Nonetheless the UK Government and our new Prime Minister must remain ready to show the willingness to work together that Ms Sturgeon never will. However tempting it might be to “ignore” Nicola Sturgeon, they must carry on and further develop work that got well underway during Boris Johnson’s tenure to embrace the real interests of Scotland.
If that means more HM Treasury funding allocated directly for Scottish local authorities, charities and businesses then great. The UK Government needs to continue showing what it can do for people across the UK and the results must be judged on outcomes like productivity growth and inward investment. Last week’s GERS figures, showing a fiscal gap between what Scotland spends and what it raises in revenue of £23.7 billion, showed once again that we depend on the pooling and sharing of resources across the Union to sustain vital services and employment. UK ministers must reject absurd complaints that it is trashing devolution when it is actually keeping devolved spending commitments afloat.
Anyway, it is the hypocritical SNP and their coalition partners the Scottish Greens that would do most to smash devolution by breaking up the UK.
These are truths that Scotland’s business community understand well. There is great scope for the new Prime Minister to spend time in Scotland and listen to business leaders here who have grown sick and tired of a Scottish Government that just doesn’t get what’s needed to support business. Most business leaders appreciate the continuing value of being in the UK for their sectors. More and more are getting worried that after the disruption and threat of the 2014 referendum another bout of pointless constitutional bloodletting will tip them over the edge. How about creating a new business forum that allows Scottish business leaders a regular opportunity to communicate and inform the UK Government directly on policy on Scotland and how we should calibrate the internal market across the UK?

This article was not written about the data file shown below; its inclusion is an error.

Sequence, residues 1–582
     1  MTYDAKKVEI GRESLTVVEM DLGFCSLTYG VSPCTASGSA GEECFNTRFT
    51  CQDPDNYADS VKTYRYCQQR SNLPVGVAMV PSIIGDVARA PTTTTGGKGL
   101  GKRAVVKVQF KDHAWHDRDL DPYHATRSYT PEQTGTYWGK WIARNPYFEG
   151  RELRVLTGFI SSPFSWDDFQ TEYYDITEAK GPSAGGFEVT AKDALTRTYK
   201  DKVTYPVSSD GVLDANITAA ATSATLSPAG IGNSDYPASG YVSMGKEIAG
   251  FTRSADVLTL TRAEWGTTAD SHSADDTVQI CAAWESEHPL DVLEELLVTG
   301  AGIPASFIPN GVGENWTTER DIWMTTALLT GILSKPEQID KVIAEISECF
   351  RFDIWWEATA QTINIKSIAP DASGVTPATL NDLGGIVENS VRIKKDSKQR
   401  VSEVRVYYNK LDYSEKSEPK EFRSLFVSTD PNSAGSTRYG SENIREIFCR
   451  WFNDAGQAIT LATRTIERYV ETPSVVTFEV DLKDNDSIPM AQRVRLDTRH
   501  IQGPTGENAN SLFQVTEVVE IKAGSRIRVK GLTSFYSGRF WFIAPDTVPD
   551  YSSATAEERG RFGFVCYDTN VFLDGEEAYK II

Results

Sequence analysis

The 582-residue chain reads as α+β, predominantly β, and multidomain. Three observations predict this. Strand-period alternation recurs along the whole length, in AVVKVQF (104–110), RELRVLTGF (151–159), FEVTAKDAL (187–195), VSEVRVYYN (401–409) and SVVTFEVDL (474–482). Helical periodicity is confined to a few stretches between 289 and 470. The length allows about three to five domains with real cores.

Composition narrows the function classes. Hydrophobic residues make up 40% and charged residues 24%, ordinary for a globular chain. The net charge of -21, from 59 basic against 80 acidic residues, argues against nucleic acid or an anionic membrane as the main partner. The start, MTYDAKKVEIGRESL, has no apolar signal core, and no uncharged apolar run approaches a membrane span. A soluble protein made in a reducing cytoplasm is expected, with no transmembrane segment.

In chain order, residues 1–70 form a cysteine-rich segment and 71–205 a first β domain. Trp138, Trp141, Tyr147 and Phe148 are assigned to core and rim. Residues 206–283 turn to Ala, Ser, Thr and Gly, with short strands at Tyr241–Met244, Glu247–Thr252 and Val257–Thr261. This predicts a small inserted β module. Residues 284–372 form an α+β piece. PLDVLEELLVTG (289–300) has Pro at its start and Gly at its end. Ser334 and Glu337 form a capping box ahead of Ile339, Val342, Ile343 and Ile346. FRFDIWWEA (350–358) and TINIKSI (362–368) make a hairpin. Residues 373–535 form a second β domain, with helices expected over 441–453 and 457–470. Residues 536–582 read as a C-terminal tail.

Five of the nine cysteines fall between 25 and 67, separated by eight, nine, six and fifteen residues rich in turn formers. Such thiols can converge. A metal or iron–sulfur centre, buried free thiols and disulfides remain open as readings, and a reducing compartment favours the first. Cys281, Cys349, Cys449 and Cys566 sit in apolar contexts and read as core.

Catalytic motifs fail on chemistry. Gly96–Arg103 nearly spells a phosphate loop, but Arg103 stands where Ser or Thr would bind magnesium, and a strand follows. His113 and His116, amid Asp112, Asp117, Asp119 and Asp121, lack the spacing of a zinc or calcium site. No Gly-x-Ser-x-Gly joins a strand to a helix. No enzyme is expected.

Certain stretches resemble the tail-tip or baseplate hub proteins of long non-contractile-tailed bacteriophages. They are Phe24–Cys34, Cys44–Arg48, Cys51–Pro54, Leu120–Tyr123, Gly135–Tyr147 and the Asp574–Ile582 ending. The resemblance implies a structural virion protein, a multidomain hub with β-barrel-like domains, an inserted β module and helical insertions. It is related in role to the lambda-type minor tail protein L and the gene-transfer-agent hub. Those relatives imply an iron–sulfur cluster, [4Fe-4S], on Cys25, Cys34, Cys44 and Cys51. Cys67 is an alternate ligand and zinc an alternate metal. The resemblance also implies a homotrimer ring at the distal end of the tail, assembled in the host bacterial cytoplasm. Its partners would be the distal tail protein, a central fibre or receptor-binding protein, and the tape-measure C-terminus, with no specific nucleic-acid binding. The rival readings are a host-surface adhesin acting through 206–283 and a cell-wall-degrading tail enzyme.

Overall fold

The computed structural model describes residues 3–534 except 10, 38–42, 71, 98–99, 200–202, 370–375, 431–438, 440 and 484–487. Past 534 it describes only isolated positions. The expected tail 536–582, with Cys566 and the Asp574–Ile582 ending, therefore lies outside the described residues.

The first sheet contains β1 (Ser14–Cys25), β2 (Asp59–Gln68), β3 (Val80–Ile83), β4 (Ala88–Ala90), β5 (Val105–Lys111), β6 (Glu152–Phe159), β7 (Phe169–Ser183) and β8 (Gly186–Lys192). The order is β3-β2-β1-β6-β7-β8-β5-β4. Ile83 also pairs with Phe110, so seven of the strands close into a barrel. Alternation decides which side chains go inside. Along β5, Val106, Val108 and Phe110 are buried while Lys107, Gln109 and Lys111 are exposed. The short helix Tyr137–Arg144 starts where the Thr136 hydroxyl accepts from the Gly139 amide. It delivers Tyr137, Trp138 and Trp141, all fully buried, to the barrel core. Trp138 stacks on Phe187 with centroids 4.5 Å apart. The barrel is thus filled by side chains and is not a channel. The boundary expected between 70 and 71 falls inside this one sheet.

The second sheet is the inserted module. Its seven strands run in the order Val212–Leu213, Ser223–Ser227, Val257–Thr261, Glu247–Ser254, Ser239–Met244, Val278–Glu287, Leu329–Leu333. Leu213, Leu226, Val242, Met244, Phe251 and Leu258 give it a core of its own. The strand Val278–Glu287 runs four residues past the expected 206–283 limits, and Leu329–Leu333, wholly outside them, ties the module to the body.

My message to the new Prime Minister is simple. Yes, you will face acute challenges aplenty in the days, weeks and months ahead, and yes one of those challenges is to get your approach to Scotland right. But don’t be deterred because even if the First Minister isn’t prepared to work constructively with you, so many, especially in the business community, want to pull together for the common good across the UK.